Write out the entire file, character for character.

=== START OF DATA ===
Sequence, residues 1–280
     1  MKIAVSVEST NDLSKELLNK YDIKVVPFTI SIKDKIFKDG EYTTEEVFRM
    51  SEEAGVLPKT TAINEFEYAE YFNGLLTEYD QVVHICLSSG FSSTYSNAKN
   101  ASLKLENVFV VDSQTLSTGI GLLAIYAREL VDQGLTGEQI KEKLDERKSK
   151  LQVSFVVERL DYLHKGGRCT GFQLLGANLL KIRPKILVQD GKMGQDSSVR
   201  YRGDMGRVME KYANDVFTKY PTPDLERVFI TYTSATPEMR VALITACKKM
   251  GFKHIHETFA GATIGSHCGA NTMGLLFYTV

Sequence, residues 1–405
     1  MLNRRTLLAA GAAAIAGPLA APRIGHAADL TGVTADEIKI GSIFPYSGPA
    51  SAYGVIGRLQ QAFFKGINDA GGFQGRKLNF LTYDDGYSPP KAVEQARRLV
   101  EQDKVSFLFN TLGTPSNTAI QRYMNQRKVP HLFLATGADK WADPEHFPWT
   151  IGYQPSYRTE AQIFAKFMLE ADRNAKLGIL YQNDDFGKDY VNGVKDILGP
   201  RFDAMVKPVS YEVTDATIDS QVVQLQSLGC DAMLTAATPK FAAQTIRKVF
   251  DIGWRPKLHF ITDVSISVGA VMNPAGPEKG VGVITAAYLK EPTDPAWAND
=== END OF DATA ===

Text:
Sequence, residues 1–280
     1  MKIAVSVEST NDLSKELLNK YDIKVVPFTI SIKDKIFKDG EYTTEEVFRM
    51  SEEAGVLPKT TAINEFEYAE YFNGLLTEYD QVVHICLSSG FSSTYSNAKN
   101  ASLKLENVFV VDSQTLSTGI GLLAIYAREL VDQGLTGEQI KEKLDERKSK
   151  LQVSFVVERL DYLHKGGRCT GFQLLGANLL KIRPKILVQD GKMGQDSSVR
   201  YRGDMGRVME KYANDVFTKY PTPDLERVFI TYTSATPEMR VALITACKKM
   251  GFKHIHETFA GATIGSHCGA NTMGLLFYTV

Sequence, residues 1–405
     1  MLNRRTLLAA GAAAIAGPLA APRIGHAADL TGVTADEIKI GSIFPYSGPA
    51  SAYGVIGRLQ QAFFKGINDA GGFQGRKLNF LTYDDGYSPP KAVEQARRLV
   101  EQDKVSFLFN TLGTPSNTAI QRYMNQRKVP HLFLATGADK WADPEHFPWT
   151  IGYQPSYRTE AQIFAKFMLE ADRNAKLGIL YQNDDFGKDY VNGVKDILGP
   201  RFDAMVKPVS YEVTDATIDS QVVQLQSLGC DAMLTAATPK FAAQTIRKVF
   251  DIGWRPKLHF ITDVSISVGA VMNPAGPEKG VGVITAAYLK EPTDPAWAND